From the resolution of the two issues it is very clear that the appeal was dismissed based on the nullity of exhibit A, the Deed of Conveyance on the ground that the consent of the Military Governor of Cross River State was not first had and obtained contrary to section 22 of the Land Use Act, 1978. The importance of the excursion into the issues before the lower court and their resolution will become apparent when one looks at the issues now formulated for the determination of the instant appeal which appeal is or ought to be primarily on the single issue resolved by the lower courtagainst the appellants. With the above backgrounds in mind, one then wonders how learned counsel for the appellants could come by three issues for the determination of the instant appeal.
The issues as formulated in the appellant’s brief filed on 25/10/02 and adopted in argument of the appeal on 19/11/07 by NTA A. NTA Esq, are as follows:-
“(a) Whether or not the finding complained against in ground of appeal No.1 herein was erroneous having regard to the evidence, and incongruous with an earlier holding in the same judgment that the Respondent was not coerced into signing away his property to the appellants.
(b) Whether or not the deed of conveyance Exhibit “A” to the originating summons was null and void and of no effect whatsoever under the Land Use Act for the reason only that the consent of the Governor was not first sought and obtain before it was signed/executed.
(c) Whether or not ground of appeal No. 5 before the Court of Appeal arose from the decision of the High Court that Exhibit A, the deed of conveyance, was a nullity, and therefore a fit and proper ground of appeal.”
On the other hand, learned counsel for the respondent, CHARLES E. DUKE Esq, in the respondent’s brief of argument submitted two issues for determination, namely:
“1. Whether on the evidence before the learned justices of the Court of Appeal, the Appellants had proved their case that there was a genuine case of indebtedness against the Respondent.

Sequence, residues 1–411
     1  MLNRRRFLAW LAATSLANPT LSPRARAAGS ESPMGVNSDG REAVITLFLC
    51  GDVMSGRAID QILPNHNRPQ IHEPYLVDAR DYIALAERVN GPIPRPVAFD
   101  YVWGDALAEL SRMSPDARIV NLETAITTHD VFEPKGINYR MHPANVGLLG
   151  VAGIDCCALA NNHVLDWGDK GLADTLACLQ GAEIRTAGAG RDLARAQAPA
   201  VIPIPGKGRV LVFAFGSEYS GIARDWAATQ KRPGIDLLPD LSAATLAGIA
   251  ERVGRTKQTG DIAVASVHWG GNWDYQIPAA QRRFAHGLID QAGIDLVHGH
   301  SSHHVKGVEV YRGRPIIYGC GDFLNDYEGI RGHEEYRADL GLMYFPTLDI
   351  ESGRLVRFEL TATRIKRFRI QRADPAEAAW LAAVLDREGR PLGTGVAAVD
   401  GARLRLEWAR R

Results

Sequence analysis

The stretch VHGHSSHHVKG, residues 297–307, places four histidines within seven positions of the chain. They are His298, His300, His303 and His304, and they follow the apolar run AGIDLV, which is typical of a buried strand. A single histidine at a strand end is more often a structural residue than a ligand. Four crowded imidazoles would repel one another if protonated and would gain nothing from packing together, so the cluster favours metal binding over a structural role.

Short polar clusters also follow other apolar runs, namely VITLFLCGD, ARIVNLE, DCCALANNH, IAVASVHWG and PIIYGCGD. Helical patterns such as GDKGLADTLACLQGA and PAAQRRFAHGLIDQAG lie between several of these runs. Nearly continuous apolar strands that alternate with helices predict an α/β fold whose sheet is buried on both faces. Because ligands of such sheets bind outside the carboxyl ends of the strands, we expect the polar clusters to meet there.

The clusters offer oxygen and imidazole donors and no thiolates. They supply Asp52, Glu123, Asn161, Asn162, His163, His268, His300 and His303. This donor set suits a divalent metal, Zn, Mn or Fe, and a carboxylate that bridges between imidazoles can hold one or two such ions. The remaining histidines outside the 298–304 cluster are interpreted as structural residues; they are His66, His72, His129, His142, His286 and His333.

- Whether Exhibit A confers a binding and enforceable contract between the Appellants and the Respondent.”
Before proceeding any further, it is pertinent to note that learned Counsel for the respondent has raised preliminary objection with regard to the competence of grounds 1 and 3 of the grounds of appeal.
It is the submission of learned Counsel for the respondent that ground 1 of the grounds of appeal is based on the concurrent findings of facts by the lower courts to the effect that fraud against the respondent has not been established but that the appellants have not obtained the leave of the Court of Appeal to appeal against such findings contrary to order 2 Rule 32 of the Supreme Court Rules and section 233(3) of the Constitution of the Federal Republic of Nigeria, 1999 (herein after referred to as the 1999 Constitution); that it does not matter that counsel for the appellants christened the ground an error in law whereas in actual fact it is a complaint on facts; Learned Counsel cited and relied on the case of Tibury v. Oguniyi (1988) 1 NSCC 531; Akwiwu v. Songonuga (1984) 5 S.C 184 at 186; Ojeme v. Momodu III (1983) S.C 173; Erisi v. Idika (1981) 4 NWLR 503 at 511.
Secondly, learned Counsel for the respondent submitted that ground 1 of the grounds of appeal contains complaints against facts that are being challenged for the first time in this Court and therefore need the leave of the court; that since no leave was obtained, the ground of appeal is incompetent and should be struck out.
Turning to ground 3 of the grounds of appeal, learned Counsel submitted that it does not relate to the judgment on appeal and consequently incompetent; that a similar objection on a similar ground was raised in the court below and sustained, referring to pages 125, 160 and 161 of the record.